If you grow up Jewish in the diaspora, you are likely to identify with Jews and develop contempt for the goyim, or you will identify with the goyim and develop contempt for Jews. I understand equally well both of these possibilities. The third possibility — of growing up happy with your Jewish identity and feeling equally happy with the majority culture — is not one I understand. Perhaps that reveals something dark about my psychology. I don’t understand someone identifying strongly as Jewish or Christian or Muslim or black or gay and being equally thrilled with the majority culture around them.
If you grow up on an Orthodox Jew, you will likely continue to grow your Jewish identity and have many negative feelings about the goyim. If you grow up Jewish outside of Orthodoxy, you will likely increasingly identify with the majority culture and develop contempt for Judaism.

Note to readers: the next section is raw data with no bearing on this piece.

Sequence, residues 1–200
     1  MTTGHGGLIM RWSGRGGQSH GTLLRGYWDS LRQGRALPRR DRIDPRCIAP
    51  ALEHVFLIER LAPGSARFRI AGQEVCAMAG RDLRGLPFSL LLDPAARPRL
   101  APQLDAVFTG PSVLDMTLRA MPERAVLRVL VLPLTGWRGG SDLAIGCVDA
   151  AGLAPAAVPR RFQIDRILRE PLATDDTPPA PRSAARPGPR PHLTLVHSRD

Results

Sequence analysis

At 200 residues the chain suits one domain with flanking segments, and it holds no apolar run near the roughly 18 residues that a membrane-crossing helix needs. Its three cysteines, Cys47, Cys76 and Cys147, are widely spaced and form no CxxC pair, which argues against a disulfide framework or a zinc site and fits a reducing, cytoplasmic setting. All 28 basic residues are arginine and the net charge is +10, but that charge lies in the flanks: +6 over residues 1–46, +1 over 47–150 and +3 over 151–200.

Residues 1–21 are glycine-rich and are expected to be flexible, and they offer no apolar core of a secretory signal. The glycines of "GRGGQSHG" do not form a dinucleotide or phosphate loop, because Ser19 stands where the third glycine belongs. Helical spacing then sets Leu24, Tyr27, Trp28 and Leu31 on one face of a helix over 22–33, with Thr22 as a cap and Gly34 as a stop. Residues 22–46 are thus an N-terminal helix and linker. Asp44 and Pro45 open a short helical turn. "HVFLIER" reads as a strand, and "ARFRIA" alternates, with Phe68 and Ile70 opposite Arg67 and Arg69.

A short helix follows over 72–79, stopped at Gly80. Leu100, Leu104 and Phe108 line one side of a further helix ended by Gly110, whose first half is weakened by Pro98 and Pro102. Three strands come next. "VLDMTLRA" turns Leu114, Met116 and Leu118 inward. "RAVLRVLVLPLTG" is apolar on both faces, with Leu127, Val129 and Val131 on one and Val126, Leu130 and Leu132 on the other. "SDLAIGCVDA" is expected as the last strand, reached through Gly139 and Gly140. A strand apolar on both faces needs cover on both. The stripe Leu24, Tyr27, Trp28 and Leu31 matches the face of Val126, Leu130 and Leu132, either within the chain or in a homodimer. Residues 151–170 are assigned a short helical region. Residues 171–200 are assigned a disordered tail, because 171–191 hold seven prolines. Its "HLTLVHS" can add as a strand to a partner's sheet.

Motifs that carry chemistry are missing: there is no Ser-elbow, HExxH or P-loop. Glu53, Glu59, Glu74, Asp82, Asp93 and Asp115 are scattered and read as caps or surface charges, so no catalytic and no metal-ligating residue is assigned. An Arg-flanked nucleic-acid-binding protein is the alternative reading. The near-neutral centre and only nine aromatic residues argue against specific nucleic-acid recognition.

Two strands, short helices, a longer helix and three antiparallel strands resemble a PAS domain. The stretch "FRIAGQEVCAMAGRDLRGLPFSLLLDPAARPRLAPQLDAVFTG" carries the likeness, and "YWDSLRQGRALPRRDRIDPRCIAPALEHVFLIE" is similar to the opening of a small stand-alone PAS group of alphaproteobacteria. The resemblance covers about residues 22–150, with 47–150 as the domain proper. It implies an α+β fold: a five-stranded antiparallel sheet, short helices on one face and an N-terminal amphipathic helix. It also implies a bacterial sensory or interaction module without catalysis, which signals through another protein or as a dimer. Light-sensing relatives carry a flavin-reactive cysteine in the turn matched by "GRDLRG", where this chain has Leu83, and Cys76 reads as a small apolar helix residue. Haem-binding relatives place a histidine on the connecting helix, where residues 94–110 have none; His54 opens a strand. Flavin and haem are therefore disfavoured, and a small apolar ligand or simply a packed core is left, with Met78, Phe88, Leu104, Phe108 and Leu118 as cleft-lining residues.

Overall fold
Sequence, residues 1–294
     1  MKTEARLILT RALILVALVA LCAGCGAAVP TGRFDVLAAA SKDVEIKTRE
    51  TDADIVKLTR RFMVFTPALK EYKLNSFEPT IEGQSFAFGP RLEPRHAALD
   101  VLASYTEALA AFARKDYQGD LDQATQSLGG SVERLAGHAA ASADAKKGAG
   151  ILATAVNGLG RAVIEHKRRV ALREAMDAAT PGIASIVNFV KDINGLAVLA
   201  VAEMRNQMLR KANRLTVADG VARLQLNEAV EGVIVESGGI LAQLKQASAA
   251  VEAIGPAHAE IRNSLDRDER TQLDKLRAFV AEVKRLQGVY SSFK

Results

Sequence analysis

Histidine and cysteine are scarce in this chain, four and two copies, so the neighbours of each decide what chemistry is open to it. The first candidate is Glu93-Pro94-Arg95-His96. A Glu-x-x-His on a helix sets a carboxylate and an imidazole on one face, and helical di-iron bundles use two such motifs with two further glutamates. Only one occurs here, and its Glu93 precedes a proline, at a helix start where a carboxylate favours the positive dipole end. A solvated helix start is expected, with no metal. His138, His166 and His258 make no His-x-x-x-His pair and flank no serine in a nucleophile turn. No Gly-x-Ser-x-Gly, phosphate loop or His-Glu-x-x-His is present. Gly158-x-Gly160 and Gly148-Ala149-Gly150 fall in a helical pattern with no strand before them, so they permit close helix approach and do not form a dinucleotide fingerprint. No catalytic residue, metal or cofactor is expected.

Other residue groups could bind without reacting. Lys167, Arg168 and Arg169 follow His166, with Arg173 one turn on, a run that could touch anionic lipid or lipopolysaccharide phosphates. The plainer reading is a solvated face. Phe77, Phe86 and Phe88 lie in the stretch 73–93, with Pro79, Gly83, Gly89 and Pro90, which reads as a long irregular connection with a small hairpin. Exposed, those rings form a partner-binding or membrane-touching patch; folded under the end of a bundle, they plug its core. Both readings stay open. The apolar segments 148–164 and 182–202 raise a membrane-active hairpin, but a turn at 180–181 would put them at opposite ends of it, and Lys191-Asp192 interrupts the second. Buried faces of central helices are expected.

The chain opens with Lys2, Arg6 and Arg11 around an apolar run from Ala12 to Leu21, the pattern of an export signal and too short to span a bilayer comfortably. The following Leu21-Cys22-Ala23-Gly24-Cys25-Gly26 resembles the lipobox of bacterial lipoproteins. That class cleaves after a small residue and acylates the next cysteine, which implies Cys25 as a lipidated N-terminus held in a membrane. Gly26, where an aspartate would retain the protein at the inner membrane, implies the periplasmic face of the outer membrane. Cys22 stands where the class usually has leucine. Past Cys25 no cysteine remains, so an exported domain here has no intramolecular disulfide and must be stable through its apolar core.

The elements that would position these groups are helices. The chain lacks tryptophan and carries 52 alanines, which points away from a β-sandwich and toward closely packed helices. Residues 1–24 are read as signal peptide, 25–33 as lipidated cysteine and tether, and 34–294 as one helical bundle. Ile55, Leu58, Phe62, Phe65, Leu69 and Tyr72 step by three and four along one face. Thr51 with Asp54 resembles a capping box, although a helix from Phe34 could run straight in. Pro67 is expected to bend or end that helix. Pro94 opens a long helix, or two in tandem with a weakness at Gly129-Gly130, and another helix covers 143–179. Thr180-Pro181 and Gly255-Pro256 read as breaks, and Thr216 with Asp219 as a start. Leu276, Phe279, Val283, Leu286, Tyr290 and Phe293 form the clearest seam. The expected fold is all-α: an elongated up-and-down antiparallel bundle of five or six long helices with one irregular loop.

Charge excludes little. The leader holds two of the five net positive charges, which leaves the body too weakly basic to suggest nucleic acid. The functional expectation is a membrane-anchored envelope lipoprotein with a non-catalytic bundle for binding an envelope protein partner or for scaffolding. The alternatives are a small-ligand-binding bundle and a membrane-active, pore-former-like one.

Social Identity Theory teaches us that the more you identify with something such as Jewish identity, the less favorable you will be to outsiders.
A friend says: “Two poles, each pole attracts some people. Sometimes both attract the same person.”